In June 1945, the design of the aircraft that was to become the Canberra bore many similarities to the eventual design, despite the placement of a single, centrally-mounted turbojet engine; two wing-mounted engines were adopted later that year. On 7 January 1946, the Ministry of Supply placed a contract for the development and production of four English Electric A.1 aircraft. It continued to be known as the English Electric A.1 until it received the name Canberra after the capital of Australia in January 1950 by Sir George Nelson, chairman of English Electric, as Australia was the first export customer for the aircraft.

The Canberra had a simple design, looking somewhat like a scaled-up Gloster Meteor with a mid wing. The fuselage was circular in cross section, tapered at both ends and, cockpit aside, entirely without protrusions; the line of the large, low-aspect ratio wings was broken only by the tubular engine nacelles. The use of swept-wings was examined but decided against as the expected operational speeds did not warrant it, and it would have introduced unresolved aerodynamic problems to what was aimed at being a straightforward replacement for the RAF’s Hawker Typhoon and Westland Whirlwind fighter-bombers.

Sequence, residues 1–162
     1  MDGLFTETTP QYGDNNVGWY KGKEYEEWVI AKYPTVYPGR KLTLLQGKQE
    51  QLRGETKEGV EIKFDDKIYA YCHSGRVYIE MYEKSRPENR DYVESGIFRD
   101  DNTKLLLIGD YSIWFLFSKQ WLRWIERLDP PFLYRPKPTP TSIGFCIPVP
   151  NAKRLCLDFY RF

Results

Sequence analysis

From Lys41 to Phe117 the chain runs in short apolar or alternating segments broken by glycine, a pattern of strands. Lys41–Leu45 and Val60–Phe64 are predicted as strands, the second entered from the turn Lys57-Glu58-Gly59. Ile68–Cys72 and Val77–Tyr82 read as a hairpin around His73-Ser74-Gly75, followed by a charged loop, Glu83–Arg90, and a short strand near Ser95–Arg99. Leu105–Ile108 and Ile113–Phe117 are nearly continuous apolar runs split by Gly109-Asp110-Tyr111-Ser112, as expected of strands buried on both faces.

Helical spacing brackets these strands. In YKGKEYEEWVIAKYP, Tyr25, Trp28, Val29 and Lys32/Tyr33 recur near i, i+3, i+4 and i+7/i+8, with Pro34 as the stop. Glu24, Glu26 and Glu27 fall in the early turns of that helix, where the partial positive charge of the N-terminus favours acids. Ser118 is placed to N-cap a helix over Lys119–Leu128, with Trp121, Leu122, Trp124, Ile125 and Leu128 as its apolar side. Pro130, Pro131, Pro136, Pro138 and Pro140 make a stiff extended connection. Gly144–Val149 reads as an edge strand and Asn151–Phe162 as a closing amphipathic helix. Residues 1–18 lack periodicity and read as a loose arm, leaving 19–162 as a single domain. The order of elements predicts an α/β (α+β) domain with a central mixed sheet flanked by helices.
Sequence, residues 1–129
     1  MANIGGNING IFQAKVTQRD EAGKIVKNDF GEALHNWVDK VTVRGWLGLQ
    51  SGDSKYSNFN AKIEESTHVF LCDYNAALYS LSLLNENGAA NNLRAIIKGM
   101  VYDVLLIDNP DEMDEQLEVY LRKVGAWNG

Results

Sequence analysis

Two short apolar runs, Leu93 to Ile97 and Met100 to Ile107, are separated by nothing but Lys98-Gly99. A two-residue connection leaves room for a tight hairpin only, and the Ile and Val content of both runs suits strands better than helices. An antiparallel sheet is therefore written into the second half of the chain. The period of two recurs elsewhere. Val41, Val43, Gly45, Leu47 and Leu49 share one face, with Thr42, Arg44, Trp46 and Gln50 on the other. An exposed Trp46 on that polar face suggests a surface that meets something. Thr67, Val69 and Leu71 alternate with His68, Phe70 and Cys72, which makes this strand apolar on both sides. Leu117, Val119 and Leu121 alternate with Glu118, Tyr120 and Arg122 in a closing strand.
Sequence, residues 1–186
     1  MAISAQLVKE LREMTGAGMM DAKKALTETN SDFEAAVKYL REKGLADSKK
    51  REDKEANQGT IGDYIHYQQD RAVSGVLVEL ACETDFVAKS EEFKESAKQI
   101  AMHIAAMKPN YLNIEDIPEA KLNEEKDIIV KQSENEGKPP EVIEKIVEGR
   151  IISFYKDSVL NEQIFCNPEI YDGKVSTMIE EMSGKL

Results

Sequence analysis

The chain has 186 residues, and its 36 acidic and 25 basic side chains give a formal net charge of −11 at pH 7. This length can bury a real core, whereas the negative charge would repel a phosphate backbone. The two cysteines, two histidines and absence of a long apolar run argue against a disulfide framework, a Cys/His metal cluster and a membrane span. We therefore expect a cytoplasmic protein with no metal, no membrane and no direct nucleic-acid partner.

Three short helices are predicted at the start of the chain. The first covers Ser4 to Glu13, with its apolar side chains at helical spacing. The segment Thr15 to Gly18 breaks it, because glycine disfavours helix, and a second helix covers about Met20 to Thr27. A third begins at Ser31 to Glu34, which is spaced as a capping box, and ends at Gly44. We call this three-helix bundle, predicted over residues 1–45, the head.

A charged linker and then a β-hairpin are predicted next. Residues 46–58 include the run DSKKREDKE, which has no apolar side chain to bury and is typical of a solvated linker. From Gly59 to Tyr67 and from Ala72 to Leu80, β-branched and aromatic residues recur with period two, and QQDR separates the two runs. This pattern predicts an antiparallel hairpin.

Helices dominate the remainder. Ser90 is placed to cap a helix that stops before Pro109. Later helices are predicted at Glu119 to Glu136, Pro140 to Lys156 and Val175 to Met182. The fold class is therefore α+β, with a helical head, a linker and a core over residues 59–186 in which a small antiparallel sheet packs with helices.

Although jet powered, the Canberra design philosophy was very much in the Mosquito mould, providing room for a substantial bomb load, fitting two of the most powerful engines available, and wrapping it in the most compact and aerodynamic package possible. Rather than devote space and weight to defensive armament which historically could not overcome purpose-designed fighter aircraft, the Canberra was designed to fly fast and high enough to avoid air-to-air combat entirely.